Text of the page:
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This article was originally published in the Summer 2017 issue of Truck Logger BC Magazine. Many factors can influence the success of your business — not least of which is the legal structure of the business itself. Using the wrong structure for your situation can have far-reaching tax consequences, so it becomes increasingly important to update the structure as your enterprise grows and becomes more successful.
We have seen many situations where the corporate structure for a business or a group of companies has become extremely messy and puts the business owner at a distinct disadvantage. This is especially common for businesses that are in the growth or maturity phase. Very often the business has come through a period of rapid change and growth and has started to generate excess funds, accumulate significant business assets or acquire additional business lines.
While these are all good things on the surface, they can start to cause problems if the business is not structured correctly.
Fortunately, it is possible to reorganize your corporation to fix some of the common problems and take maximum advantage of tax planning opportunities. However, there is no one-size-fits-all solution; you must consider the specifics of your situation before determining the optimal business structure. Over the next four parts of this series we will look at an example.
Case Scenario Example: Introducing Jim
Jim is the sole shareholder of HoldCo, and Holdco is the sole shareholder of JimCo. In addition to the shares of JimCo, HoldCo holds shares of RealCo that holds rental properties.
Through Jim’s hard work, JimCo has been extremely successful over the past number of years. JimCo now holds significant equipment and has paid off most of the equipment financing. JimCo also holds an investment portfolio of $1,000,000 and shares of (TruckCo) a trucking business. It is expected that JimCo and TruckCo will continue to accumulate excess cash of $500,000 a year for the next few years.
Jim is married to Sarah, and they have two children who are in university. Sarah does administrative work for JimCo one day a week and is paid a small salary from JimCo. Sarah has no other source of income. Jim and Sarah’s children have no sources of income and at this point neither have expressed an interest to become involved in the JimCo or TruckCo’s business. Jim currently has no plans to retire or the sell the business, but realizes at some point he will need to step away from the business.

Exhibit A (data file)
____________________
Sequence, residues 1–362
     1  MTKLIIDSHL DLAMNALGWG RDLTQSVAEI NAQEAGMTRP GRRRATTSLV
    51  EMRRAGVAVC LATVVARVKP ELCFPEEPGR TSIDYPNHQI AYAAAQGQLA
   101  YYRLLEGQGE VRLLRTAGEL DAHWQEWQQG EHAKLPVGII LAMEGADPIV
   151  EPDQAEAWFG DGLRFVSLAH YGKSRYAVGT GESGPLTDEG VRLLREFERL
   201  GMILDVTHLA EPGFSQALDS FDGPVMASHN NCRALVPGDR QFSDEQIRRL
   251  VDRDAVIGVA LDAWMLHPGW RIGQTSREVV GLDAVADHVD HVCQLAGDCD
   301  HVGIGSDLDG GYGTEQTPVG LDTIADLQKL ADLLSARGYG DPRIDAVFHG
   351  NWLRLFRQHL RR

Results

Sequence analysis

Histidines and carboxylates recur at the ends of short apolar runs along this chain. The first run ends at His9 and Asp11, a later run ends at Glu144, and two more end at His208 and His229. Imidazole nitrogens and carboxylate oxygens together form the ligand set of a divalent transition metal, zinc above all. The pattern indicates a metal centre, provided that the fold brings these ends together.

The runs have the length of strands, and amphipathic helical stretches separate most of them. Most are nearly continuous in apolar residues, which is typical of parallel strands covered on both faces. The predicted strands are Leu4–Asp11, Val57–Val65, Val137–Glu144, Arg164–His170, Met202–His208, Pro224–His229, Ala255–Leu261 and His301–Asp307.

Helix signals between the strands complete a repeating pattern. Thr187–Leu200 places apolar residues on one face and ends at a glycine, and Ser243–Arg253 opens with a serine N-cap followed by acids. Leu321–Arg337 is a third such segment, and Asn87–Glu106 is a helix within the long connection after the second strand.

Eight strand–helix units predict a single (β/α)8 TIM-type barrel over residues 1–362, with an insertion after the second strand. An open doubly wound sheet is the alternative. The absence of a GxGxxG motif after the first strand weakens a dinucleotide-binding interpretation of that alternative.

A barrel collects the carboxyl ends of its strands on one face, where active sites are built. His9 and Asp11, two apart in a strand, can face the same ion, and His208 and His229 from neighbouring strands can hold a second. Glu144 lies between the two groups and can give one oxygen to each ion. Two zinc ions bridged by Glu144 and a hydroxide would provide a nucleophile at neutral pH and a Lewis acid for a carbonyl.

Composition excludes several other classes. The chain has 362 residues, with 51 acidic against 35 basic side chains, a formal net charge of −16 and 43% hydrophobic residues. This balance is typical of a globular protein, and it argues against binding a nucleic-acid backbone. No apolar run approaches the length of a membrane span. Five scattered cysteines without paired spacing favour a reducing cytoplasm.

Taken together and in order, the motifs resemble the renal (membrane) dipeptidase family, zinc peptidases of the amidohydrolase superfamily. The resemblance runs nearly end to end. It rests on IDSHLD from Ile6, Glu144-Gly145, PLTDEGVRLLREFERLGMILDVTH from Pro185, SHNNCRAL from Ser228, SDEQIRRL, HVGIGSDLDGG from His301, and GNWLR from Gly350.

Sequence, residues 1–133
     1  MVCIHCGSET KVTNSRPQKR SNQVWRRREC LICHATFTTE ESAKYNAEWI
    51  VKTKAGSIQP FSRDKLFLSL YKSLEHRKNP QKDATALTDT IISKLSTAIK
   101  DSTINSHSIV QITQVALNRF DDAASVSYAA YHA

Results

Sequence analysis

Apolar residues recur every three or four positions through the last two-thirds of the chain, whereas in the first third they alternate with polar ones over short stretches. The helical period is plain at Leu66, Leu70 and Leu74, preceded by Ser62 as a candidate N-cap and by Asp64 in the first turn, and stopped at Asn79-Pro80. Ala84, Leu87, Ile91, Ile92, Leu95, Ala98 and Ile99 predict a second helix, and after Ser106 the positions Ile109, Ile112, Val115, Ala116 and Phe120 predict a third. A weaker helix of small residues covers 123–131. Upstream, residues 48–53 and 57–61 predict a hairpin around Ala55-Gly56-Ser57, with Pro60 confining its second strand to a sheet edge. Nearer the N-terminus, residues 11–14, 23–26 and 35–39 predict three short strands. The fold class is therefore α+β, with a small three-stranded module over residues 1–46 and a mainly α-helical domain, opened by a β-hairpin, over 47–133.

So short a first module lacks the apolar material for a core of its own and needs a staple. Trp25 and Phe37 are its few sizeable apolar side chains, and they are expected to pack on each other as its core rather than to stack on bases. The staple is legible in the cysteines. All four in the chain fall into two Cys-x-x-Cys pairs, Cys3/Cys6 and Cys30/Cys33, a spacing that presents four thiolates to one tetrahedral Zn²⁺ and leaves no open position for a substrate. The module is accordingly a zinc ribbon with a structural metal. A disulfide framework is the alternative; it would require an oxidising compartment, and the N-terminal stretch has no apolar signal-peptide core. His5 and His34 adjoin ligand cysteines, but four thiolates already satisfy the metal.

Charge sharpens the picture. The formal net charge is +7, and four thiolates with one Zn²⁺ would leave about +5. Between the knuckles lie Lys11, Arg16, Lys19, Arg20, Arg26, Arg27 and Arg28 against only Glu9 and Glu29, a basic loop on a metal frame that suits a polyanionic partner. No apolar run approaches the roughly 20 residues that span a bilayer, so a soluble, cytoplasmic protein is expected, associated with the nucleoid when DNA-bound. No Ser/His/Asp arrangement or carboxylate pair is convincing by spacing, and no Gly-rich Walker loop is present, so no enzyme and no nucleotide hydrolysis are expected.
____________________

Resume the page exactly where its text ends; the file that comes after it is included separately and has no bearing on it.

Using a diagram, Jim's corporate structure looks like this:
Are there concerns with Jim’s group of companies? Absolutely. It appears that as Jim’s businesses have grown, various updates were made to business structure that make little sense when you look at the big picture. Some of the issues are as follows:
Jim has no means of utilizing his Capital Gains Exemption (CGE) should someone offer to buy either of his operating companies (JimCo or TruckCo).
Both JimCo and TruckCo are generating excess cash, yet there is no method of removing the funds from the corporate group without subjecting them to personal tax.
Given that JimCo holds the shares of TruckCo, there are complications that will arise should Jim want Holdco to sell the shares of JimCo.
Given the nature of Jim’s businesses, there is significant exposure to creditors. Should an accident occur in JimCo, creditors can make a claim against any of the assets of JimCo.
Under the current structure, there is no means of splitting income with Jim’s family members other than through the payment of a salary.
If Jim’s children decide that they would like to be involved in any of Jim’s businesses, there is currently no means of allowing them to share in the future growth of JimCo.
Currently no estate planning work has been done to attempt to minimize Jim and Sarah’s estate tax should they both die. All the value in the corporate group currently attributes to Jim and as the value of the group grows, the estate tax liability to Jim and Sarah grows.
As you can see from the above case scenario, inappropriately structuring the business can result in significant tax and business issues. It’s important to discuss your individual circumstances with a professional who can guide you and help you effectively plan for a business structure than ensures you minimize your tax exposure and maximizes your returns.
Stay tuned for Part Two: Tax Based Structures where we will talk about ways Jim can update his structure to be more tax friendly.
Chris Duncan, CPA, CA, is a Business Advisor with MNP’s Private Enterprise group who specializes in real estate, construction and forestry businesses. Working out of the Duncan office and serving clients across Vancouver Island, Chris draws on his unique background to deliver industry-specific advice to help business owners stay in compliance, make informed decisions and achieve their goals. Chris can be reached at 250.748.3761 or
Related Topics:Small Business; Corporate Tax; Capital Gains; Estate Planning; Business Structures; Performance Series
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